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Inside the Massive Effort to Change the Way Kids Are Taught to Read TIME MAGAZINE

AUGUST 11, 2022 12:00 PM EDT



“In Oakland, when you have 19% of Black kids reading—that can’t be maintained in the society,” says Weaver, who received an early and vivid lesson in the value of literacy in 1984 after his cousin got out of prison and told him the other inmates stopped harassing him when they realized he could read their mail to them.

“It has been an unmitigated disaster.” In January 2021, the local branch of the NAACP filed an administrative petition with the Oakland unified school district (OUSD) to ask it to include “explicit instruction for phonemic awareness, phonics, fluency, vocabulary, and comprehension” in its curriculum.

But advocates say it cannot wait: in 2019, even before the pandemic upended instruction, only 35% of fourth-graders met the standards for reading proficiency set by the National Assessment of Educational Progress, an even lower number than in 2017.

Only 21% of low-income students (measured by whether they qualify for free school lunch), 18% of Black students, and 23% of Hispanic students can be considered on track for reading by fourth grade.


These numbers have been low for decades, but the pandemic has given the dismal results extra urgency. “There have been choices made where our children were not in the center,” says Weaver. “We abandoned what worked because we didn’t like how it felt to us as adults when actually, the social-justice thing to do is to teach them explicitly how to read.”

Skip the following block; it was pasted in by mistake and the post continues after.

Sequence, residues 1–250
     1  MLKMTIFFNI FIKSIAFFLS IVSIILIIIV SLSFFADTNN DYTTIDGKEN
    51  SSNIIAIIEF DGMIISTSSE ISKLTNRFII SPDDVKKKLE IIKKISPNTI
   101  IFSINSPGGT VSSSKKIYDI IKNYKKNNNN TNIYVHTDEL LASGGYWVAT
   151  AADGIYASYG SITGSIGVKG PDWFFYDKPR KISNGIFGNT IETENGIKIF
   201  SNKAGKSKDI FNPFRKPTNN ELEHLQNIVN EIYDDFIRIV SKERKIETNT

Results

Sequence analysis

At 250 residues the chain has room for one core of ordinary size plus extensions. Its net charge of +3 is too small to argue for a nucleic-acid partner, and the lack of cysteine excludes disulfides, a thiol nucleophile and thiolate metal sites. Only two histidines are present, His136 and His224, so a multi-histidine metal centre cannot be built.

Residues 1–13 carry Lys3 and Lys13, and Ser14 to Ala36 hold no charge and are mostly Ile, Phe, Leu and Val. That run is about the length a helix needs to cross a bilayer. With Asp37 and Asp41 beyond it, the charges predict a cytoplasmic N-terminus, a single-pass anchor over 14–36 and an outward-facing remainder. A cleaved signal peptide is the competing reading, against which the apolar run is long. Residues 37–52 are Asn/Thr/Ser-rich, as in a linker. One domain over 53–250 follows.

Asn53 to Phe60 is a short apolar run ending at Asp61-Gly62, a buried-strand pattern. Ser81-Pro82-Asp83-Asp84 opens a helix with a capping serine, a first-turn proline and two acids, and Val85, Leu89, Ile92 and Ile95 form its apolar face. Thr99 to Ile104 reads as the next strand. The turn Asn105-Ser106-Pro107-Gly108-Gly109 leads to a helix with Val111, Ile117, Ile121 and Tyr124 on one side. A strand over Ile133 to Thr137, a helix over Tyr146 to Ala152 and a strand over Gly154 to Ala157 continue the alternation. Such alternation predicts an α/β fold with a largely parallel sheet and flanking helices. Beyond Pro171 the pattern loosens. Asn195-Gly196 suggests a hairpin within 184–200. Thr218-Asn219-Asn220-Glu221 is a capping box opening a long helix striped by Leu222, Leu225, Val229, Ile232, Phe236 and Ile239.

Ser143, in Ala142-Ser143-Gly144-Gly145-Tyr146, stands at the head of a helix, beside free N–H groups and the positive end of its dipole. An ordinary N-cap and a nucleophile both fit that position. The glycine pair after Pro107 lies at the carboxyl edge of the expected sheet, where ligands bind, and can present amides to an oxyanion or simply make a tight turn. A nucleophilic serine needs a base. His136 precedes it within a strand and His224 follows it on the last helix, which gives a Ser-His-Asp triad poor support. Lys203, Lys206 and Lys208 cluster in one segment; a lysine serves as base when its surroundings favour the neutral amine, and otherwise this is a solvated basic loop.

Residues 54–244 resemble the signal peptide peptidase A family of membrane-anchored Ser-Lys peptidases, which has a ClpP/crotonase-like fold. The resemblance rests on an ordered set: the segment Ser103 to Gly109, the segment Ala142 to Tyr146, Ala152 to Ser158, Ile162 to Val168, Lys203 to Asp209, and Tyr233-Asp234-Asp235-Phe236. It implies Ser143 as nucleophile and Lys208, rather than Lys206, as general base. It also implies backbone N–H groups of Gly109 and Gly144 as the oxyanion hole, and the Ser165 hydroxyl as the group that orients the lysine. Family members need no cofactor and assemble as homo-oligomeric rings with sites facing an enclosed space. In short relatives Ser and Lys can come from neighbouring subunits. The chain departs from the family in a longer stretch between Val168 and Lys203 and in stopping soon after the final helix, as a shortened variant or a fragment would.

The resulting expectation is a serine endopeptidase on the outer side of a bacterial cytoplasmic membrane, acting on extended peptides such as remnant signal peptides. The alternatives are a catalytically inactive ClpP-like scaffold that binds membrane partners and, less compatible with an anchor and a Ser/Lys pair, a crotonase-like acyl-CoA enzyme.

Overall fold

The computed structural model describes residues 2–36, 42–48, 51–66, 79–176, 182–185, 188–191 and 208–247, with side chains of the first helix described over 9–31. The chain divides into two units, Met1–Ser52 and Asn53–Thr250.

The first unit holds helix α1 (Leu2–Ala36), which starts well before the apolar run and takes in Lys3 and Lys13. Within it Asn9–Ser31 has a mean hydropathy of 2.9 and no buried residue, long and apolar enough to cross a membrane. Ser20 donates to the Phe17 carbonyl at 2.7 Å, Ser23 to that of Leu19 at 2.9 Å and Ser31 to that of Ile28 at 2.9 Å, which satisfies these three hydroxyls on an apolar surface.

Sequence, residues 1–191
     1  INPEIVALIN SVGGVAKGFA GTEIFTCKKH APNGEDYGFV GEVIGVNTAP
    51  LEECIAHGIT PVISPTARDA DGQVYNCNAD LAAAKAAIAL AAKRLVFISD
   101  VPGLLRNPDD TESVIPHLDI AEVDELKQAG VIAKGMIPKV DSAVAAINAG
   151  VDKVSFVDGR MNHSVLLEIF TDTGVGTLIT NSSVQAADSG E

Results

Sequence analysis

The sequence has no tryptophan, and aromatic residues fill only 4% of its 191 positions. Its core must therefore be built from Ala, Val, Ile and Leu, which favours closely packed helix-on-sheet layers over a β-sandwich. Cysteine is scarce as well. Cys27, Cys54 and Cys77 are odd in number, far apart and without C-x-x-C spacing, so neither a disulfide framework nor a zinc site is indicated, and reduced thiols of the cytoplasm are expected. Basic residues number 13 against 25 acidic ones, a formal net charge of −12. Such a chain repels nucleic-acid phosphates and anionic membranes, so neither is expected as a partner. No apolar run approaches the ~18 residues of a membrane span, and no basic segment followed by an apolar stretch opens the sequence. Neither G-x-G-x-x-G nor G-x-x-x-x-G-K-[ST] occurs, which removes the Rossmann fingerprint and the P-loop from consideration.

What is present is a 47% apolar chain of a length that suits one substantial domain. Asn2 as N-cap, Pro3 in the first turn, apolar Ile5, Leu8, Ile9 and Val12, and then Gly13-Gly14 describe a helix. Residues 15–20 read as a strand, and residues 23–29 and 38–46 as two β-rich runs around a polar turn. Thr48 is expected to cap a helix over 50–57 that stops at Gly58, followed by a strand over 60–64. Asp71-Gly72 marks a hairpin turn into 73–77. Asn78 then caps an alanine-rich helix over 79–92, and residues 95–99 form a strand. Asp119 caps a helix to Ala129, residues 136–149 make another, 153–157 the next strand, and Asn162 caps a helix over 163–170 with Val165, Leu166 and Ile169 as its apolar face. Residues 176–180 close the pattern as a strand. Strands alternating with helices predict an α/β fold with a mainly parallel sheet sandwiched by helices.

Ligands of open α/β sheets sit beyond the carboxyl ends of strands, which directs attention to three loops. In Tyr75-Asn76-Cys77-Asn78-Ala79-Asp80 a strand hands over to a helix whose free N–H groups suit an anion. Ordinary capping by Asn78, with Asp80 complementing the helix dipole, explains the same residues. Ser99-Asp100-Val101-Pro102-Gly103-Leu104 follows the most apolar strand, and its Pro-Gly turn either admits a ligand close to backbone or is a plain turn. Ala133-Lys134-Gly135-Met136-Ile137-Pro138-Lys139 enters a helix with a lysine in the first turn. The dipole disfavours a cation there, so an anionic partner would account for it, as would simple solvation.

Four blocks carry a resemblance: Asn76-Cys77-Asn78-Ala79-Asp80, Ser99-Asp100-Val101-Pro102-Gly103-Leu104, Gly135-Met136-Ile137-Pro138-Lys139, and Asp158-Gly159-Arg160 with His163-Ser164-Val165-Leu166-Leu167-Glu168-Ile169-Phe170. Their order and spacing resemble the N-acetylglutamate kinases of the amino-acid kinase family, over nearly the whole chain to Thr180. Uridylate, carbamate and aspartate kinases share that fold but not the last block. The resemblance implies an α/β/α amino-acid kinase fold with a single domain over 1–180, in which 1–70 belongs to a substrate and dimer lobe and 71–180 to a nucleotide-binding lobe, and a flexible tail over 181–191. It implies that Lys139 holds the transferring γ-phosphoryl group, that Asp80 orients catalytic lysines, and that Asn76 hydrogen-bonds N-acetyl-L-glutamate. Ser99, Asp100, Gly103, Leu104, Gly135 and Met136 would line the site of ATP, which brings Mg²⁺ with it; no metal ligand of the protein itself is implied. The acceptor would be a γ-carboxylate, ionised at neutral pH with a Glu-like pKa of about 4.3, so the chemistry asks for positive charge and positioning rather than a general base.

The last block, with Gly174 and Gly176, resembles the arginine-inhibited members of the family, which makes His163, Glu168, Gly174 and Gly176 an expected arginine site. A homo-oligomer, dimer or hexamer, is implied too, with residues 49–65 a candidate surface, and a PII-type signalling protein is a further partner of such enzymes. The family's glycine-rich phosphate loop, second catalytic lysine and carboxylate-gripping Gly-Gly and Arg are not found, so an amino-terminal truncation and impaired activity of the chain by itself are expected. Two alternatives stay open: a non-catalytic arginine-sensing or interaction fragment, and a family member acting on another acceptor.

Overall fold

Dyslexia is not linked to intelligence; it has been described as an island of weakness surrounded by a sea of strength. It has no cure but can be overcome.

So when some wealthy, well-educated parents found their otherwise typical children were not learning to read, they had questions for the school. These were met in many cases with the advice to read to them more. The parents then did what educated; wealthy people do when they feel slighted: they looked at the research, paid for expensive testing, called their representatives, and contacted their friends in the press.


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